Search The Site...

Things To Do...

Print this article

Share this article

Add this article to your Favourites

Read this topic's Message Board

Meccanisms MotorVator
By Andrew Wells
Return to the Homepage

Control your Meccano models (or anything else) from your Windows PC!
Take a look at my new MECControl project at

Advertisement Feature

The Meccanisms MotorVator™ is an electronic controller that can be used to drive a wide range of devices to bring your Meccano model to life. The MotorVator controls Motors, Servo Motors and Relays, and uses input from a wide range of sensors including switches, proximity, rotation, angle and temperature.

Click to enlarge

The Meccanisms MotorVator
| Enlarge to 800x650 |

The MotorVator operates in two modes.  With the optional Director handheld control console, the MotorVator translates your inputs on the Director's joysticks and buttons into control signals for the Motors, Servo Motors and Relay Outputs. A range of pre-programmed modes allow you to choose the best match up of input movements to devices, so that you get real-life realism in the control of your model.  For example, a block setter crane could employ four motors and match these to the four axes of the two joysticks: Left Joystick Up/Down = luff, Left Joystick Left/Right = base travel, Right Joystick Up/Down = hook, Right Joystick Left/Right = Slew. Add on a relay- or Servo Motor-driven grab or electromagnet activated by one of the buttons and you have the same operating conditions as a modern prototype crane.

The second, and more powerful mode of operation uses the programming capability of the MotorVator. Through the MotorVate programming language, the MotorVator can use any of the inputs to create an 'intelligent' sequence of controls.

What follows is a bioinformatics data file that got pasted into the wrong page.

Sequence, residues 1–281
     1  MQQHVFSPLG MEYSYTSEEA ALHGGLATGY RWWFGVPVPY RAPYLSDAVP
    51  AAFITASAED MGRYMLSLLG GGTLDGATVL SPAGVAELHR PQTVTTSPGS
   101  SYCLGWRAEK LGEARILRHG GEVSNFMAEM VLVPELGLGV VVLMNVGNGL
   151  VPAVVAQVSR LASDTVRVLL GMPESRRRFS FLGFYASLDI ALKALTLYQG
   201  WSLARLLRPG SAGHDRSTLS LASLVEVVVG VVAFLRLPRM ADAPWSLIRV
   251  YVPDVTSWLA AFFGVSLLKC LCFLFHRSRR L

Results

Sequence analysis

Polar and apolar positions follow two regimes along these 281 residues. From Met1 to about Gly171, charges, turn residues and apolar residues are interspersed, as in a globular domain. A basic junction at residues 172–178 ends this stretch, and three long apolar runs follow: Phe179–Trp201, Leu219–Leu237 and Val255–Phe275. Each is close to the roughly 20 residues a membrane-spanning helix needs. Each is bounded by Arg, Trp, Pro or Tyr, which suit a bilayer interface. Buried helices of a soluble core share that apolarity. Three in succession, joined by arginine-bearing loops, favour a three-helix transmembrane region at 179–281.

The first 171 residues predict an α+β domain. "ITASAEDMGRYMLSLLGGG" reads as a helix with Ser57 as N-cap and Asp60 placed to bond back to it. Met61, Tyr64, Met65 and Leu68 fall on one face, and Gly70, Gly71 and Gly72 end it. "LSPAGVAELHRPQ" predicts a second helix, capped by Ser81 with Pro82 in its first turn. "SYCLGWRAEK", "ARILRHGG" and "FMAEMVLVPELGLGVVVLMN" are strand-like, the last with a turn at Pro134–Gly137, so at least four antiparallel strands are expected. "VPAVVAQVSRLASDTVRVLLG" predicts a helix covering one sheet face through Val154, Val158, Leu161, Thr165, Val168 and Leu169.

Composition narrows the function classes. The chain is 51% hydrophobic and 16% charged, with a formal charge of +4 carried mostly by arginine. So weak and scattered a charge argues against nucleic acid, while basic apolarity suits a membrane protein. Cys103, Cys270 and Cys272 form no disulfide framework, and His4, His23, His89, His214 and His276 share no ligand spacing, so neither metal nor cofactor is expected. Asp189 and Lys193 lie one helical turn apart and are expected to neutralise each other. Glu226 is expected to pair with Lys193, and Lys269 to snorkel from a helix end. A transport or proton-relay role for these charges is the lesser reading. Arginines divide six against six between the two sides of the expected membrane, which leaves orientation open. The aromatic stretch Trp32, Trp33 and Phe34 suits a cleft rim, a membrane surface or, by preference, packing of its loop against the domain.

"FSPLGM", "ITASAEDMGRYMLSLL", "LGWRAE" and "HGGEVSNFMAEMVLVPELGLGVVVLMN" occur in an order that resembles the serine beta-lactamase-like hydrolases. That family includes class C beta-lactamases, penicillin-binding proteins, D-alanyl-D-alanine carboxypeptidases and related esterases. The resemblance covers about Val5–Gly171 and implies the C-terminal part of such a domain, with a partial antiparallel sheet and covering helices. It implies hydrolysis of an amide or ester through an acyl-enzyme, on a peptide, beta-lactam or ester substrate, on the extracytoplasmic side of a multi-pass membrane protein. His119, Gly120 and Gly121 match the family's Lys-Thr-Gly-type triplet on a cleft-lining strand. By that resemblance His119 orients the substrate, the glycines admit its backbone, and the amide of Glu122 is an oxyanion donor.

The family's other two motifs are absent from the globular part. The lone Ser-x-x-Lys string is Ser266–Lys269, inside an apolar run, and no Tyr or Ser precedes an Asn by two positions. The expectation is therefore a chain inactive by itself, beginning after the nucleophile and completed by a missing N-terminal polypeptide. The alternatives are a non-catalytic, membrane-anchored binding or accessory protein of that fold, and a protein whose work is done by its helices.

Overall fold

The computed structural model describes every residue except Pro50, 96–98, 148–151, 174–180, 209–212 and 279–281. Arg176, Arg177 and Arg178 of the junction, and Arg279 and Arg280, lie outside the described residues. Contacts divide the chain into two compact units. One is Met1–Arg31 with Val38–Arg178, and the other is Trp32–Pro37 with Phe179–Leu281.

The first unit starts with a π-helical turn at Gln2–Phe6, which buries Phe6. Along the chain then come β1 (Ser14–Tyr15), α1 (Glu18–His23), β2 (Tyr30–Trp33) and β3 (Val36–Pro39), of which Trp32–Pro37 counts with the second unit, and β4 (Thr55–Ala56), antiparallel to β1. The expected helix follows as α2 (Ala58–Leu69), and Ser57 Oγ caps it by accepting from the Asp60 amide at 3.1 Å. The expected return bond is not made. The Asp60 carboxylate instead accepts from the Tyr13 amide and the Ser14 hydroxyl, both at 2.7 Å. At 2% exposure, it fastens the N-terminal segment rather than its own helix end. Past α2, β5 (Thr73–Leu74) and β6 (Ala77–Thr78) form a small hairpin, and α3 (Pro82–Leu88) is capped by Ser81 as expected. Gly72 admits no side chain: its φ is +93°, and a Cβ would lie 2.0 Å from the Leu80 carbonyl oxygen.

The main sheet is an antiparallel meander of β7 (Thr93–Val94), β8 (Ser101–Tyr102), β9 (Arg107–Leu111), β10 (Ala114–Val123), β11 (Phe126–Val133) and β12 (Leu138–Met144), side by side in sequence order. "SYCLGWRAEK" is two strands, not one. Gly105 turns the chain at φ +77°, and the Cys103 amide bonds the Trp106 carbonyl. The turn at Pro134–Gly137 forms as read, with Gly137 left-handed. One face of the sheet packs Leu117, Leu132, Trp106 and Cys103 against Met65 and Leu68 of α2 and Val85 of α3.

For example, a four axis robot arm might be programmed to repeat the steps required to 'solve' the Tower of Hanoi disk puzzle. Each Disk movement becomes a sequence of "Rotate base to left pile", "lower arm to Disk #", "Close grab", "Raise arm above piles", "Rotate base to new pile", "lower arm", "open Grab" etc. The logic to perform each of these tasks is then built up using the commands that match your model.

So "Lower Arm by Fifteen Degrees" might be written as...

Clear Byte Counter
Set Motor 1 Forward Slow_speed
Keep_Counting: Read Pulse Count  1 Arm_Degree_Sensor
Add Byte Counter Arm_Degree_Sensor
If Byte Less Than Counter 14 Keep_Counting
Stop Motor 1

You quickly build up "Routines" like this that can be re-used in your program.

The instruction set of the MotorVate programming language is very powerful. Each instruction above takes a maximum of seven bytes of storage, so you can fit a very complex program into the 24kb of program storage available.

You write your program of instructions on a Windows™ PC, then download the program to the MotorVator. Once downloaded, the MotorVator runs the program itself, so you can leave the PC at home and still have your program running at a meeting or exhibition.

Click to enlarge

The Director hand-held control console
| Enlarge to 800x650 |


  • 4 pulse width modulated (PWM) (speed and direction controllable) motor outputs, each rated at 1A continuous.
  • 2 servo motor drivers (180 degree travel, with 1 degree accuracy).
  • 3 relay drivers (250mA drive).
  • 6 analogue inputs (0 to 5V range).
  • 8 digital inputs.
  • 3 different voltage inputs, to allow you to operated motors of different voltages concurrently.
  • Steel case with Meccano-compatible mounting holes. Strong enough to be used as an integral component in your model.
  • Powder coated in Traditional Red or Modern Yellow.
  • MotorVate software environment requires Windows PC, 7Mb of hard disk space and a standard serial port.
  • 184 page manual included.

For further information, please visit


The Meccanisms range is currently available via mail/internet for worldwide shipment from - P.O. Box 26-179, Epsom, Auckland 1003, New Zealand.

 Print This Article

 Bookmark or Share This Article   


Post your questions and comments about this article to the Controlling Motors Message Board.
We also have many other message boards for your comments, advice and suggestions.

 Free Email Updates!

Join yourEiM and receive email when your favourite articles and topics are updated.  Click here to sign up now!

Article Information
Topic: Controlling Motors | Created: 12/11/2003 | Last modified: 28/02/2007

Top of Page | Homepage | About | Search | Topics | Features | Circuits Shop | yourEiM

© 1998 - 2024 Tim Surtell